TEHRAN, Iran (AP) --
Iran rebuffed Washington's suggestion that a high-profile U.S. delegation fly in with earthquake relief, saying Sunday the time "is not ripe" for such an exchange -- which could be seen as a sign of smoother ties between the two.
The U.S. administration had proposed dispatching Sen. Elizabeth Dole of North Carolina, a former president of the American Red Cross, to bring in aid after a magnitude 6.6 quake devastated the ancient city of Bam in southeast Iran on Dec. 26, killing more than 30,000 people.
Although Washington has said the proposal was made for humanitarian reasons with no politics involved, Iran was skeptical, Foreign Ministry spokesman Hamid Reza Asefi told reporters.
"The time is not ripe for such a visit," Asefi said.
Relations between Iran and the United States were broken by the seizure of the U.S. Embassy in Tehran in 1979. U.S. staffers were held hostage for 444 days and the two nations have been estranged ever since.
"If a dominant view emerges in the U.S. administration to bring down the wall of mistrust, then a new situation will develop and we can talk. It's not yet clear if there is a will on the part of the Americans or it's an isolated measure," Asefi told a press conference.
The United States moved quickly this past week to provide assistance to Iran's earthquake victims -- and Iran accepted the aid. An American field hospital is now open in Bam, and U.S. officials are helping in an effort to determine how much humanitarian aid is needed in the devastated area.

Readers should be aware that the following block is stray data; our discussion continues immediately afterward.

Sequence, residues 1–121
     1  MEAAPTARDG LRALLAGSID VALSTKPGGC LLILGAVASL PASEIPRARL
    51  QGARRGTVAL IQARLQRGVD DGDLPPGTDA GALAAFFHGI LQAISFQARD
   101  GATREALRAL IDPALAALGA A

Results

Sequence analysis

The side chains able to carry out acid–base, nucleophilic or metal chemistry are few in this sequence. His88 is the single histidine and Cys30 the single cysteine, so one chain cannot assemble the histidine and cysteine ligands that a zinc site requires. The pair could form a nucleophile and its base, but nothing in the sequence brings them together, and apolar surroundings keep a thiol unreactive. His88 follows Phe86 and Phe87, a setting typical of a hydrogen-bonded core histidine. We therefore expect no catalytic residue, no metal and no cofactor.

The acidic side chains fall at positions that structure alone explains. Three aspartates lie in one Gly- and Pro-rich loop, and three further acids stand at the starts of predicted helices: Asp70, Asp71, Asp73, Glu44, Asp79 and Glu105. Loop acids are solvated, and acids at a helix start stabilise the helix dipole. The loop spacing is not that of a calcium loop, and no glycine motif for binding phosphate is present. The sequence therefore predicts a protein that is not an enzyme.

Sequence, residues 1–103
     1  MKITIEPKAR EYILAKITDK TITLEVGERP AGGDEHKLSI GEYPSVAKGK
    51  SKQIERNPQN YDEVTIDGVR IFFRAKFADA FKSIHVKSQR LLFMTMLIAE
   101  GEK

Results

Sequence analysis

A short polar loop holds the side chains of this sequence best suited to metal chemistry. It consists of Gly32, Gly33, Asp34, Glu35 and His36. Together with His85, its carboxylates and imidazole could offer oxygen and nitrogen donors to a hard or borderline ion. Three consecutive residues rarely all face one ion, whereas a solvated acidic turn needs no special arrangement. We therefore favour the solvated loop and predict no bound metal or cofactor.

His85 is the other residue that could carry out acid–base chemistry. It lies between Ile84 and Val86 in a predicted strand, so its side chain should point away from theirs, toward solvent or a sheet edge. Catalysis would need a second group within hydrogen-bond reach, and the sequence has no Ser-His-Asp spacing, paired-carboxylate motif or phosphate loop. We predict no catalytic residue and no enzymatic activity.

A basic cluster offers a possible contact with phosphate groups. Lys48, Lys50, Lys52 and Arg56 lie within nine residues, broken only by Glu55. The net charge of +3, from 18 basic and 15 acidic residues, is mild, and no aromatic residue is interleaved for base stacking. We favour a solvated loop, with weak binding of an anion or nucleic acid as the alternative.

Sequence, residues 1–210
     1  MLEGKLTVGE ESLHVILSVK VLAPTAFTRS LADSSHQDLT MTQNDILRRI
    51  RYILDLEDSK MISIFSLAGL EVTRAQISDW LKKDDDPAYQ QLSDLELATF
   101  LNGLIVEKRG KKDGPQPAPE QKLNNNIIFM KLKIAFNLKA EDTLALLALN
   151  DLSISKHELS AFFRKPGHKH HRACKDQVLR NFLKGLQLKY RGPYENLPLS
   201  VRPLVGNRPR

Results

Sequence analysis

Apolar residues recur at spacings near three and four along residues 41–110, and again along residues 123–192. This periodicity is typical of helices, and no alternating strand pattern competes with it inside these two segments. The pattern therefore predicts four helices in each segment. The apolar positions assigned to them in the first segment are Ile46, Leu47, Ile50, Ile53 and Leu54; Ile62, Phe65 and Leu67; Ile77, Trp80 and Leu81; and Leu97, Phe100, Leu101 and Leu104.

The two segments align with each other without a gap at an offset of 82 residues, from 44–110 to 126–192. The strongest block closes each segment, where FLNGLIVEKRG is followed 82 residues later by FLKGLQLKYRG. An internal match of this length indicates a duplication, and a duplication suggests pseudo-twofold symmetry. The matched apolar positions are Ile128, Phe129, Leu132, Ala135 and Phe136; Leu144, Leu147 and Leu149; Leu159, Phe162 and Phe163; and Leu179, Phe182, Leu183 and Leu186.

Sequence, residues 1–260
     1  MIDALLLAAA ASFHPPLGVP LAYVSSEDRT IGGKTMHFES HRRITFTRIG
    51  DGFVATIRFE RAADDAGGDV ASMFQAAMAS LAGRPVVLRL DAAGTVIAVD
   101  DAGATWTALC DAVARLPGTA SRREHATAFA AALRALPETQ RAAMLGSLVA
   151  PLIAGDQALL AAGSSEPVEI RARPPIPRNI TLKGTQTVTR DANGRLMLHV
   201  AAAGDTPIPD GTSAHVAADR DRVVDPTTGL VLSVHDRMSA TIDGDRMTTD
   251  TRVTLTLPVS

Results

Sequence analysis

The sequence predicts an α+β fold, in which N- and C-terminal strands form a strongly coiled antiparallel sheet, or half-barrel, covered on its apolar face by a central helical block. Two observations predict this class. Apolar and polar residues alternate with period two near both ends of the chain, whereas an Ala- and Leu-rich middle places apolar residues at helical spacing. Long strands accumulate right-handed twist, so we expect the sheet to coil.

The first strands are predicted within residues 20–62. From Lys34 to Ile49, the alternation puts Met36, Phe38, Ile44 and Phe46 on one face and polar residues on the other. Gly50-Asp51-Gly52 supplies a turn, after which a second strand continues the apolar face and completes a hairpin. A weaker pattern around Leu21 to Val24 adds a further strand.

A visit by Dole would have been widely interpreted as a prelude to a possible political opening between the United States and Iran -- which President Bush designated as a member of an international "axis of evil" in January 2002.
"If the Americans are after political arrangements, some preparations are needed for designing such visits," Asefi said. "And the Americans know the preparatory measures are to bring practical changes to their policy towards Iran."
He said dialogue with Washington was not yet on Iran's agenda.
"The atmosphere in Iran-U.S. relations, where we stand now, is not an atmosphere of dialogue," Asefi said.
The spokesman said dialogue requires the parties to respect each other -- something the "Americans have not shown."
Still, Asefi praised the 90-day lifting of some U.S. sanctions against Iran and said permanent lifting could be one of the practical changes Iran has been waiting for. The United States is allowing for transfers of money to Iran from donors trying to help the quake relief effort.
"Although lifting of sanctions are temporary, it's a positive step. It's natural that if lifting of the sanctions ... becomes permanent, then a different situation will emerge," he said.
The United States cut diplomatic relations with Iran shortly after militant students seized the U.S. Embassy in Tehran. Relations thawed somewhat after the election of Mohammad Khatami as president in 1997.